IAfter all, the list of erotic trends for us has been lengthened with this book. We now know that there are also vegansexuals, people who follow a vegan diet and can only love people who do the same because everyone else is nothing short of cannibals to them. That says all the good things about this pamphlet on veganism by Dutch futuristic anthropologist Roanne van Voorst, who became a vegetarian at 16 for love of animals, converted to veganism a few years later, and now promises us in her book: “I will build a futuristic dreamscape for you, of a world that is kind to both animals and the environment.” In truth, it is a nightmare that goes beyond culinary castration.
Roanne van Voorst does not hide her radicalism from the first moment: for her, having cattle is torture, torment, an unforgivable crime, a unique and continuous cruelty. She equates carnivores with slave owners, describes carnism as an “extremely violent ideology”, and “good animal husbandry” does not exist for her as a matter of principle, because even the most loving pig farmer is a pig. pig because he kills animals for money. The author constantly falls into absurdities and affirms, for example, that meat did not play any role in human evolution and that it was never a common food. For anthropologists, there is no doubt that only the highly concentrated supply of energy through meat gave Homo sapiens the time and strength to become the ruler of the world. And for van Voorst, the fact that people still drink milk is mainly the result of perfidious advertising campaigns by the dairy industry.
The book is reminiscent of a wild sprawling mental garden filled with cabbages and turnips: first, the story of vegetarianism and veganism from Pythagoras to Beyoncé is told at breakneck speed, then a familiar scene from a Hanni-style meatless future. and Nanny. science fiction at its finest. Episodes from one’s own family life with the Saturday pancake breakfast ritual, including marital squabbles because the husband likes milk and eggs, alternate with lengthy statements about couples therapy and banal life support advice for couples with different Feeding Habits. Stories of converted ranchers, disgusted by their past actions and now growing vegetables instead of slaughtering calves and lambs, are mixed with pleas for privacy rights for animals and condemnations of organic butchers, who are basically no better than the bad guys. of mass establishments. .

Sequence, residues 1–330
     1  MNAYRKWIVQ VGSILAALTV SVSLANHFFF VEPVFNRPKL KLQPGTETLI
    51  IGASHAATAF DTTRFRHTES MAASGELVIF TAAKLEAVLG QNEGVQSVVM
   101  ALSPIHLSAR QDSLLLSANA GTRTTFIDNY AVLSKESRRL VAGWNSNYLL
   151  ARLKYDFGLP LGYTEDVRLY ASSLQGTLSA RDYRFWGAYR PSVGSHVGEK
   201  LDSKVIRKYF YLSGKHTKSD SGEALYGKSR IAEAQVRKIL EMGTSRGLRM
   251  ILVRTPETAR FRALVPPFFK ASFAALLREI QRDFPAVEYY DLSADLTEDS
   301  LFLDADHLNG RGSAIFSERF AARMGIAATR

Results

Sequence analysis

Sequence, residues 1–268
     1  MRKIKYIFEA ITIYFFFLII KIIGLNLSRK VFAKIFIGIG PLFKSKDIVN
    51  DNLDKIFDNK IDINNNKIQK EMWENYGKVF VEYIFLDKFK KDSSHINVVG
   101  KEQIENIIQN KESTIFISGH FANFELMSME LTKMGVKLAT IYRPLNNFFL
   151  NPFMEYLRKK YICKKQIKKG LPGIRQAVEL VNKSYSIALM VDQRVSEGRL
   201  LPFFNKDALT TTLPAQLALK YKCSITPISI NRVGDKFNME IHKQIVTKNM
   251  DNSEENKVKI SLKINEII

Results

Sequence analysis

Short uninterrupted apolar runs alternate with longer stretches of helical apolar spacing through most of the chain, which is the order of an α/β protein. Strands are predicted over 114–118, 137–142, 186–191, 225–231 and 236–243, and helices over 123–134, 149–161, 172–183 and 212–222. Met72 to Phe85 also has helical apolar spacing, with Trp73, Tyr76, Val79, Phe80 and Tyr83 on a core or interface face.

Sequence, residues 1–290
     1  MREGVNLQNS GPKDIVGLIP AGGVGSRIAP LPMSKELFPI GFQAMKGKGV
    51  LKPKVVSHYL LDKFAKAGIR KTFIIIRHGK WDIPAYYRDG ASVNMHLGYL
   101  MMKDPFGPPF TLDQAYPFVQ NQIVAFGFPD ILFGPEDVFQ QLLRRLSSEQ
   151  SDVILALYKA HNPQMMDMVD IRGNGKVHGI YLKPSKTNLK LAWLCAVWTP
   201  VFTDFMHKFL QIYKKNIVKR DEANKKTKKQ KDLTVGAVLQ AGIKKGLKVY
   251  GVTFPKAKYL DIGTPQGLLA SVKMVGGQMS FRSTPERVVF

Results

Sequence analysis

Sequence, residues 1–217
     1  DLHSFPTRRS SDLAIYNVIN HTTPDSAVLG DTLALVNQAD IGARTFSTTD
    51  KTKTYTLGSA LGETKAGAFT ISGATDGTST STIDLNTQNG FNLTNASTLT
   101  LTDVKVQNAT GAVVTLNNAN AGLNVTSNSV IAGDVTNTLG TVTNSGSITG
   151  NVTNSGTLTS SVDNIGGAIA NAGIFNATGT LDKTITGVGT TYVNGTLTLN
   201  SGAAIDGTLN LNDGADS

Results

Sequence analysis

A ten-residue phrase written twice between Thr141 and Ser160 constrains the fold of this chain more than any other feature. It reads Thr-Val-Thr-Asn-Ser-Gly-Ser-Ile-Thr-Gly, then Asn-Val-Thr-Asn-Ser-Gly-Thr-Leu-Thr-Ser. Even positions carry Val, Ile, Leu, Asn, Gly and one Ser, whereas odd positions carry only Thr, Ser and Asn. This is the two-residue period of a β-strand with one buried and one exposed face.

Van Voorst dispenses with scientific gravitas, nosily addressing his readers by their first names and endlessly using academic vocabulary such as “shitty feeling”, “shitty story”, “Wurschteln”, “Ouch” or “ withered grandmothers and grandfathers”, with all this as consistently as vegans use sausages. Accusations replace arguments, episodes replace evidence, moral outrage replaces sober considerations, selective perceptions replace objective representations. He cites a cookbook from 1612 that advocates not eating meat, but he does not mention the dozens of cookbooks from earlier times, in which almost all recipes revolve around meat.
Global veganism is declared the only savior to save the climate, and there are obviously no other options than enslavement to the plant dictatorship. And the notorious B-12 deficiency in a vegan diet is affirmed, but casually left out, so be it, there are pills. Van Voorst is equally uninterested in what follows from this, whether this deficiency does not call veganism into question as a matter of principle, or in the problem of what millions and millions of poor farmers in arid regions of the world who raise sheep and goats are supposed to live because their soil is not suitable for growing aubergines and broccoli is good. What matters least to the futuristic anthropologist is how poor our cuisine would be without fish and meat, butter and eggs, how painful, how enormous the price of voluntarily giving up taste would be for many of us: the most unforgivable of his delusions. In any case, after reading this, we are still even more carnivorous.
Roanne van Voorst: “Once we ate animals.” Goldmann Verlag, Munich 2022. 334 p., br., €17.